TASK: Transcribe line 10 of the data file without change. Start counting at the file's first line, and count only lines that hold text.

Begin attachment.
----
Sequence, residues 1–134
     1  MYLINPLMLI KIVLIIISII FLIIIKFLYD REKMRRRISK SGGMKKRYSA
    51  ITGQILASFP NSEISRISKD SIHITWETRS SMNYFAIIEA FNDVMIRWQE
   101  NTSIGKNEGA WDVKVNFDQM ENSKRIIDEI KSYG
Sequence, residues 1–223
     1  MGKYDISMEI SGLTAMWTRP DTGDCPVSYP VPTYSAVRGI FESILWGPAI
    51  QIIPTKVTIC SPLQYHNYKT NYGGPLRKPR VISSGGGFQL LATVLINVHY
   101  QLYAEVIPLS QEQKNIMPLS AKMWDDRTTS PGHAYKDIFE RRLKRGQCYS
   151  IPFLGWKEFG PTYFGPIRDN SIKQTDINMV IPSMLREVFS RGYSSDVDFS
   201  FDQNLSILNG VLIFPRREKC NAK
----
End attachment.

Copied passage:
   201  FDQNLSILNG VLIFPRREKC NAK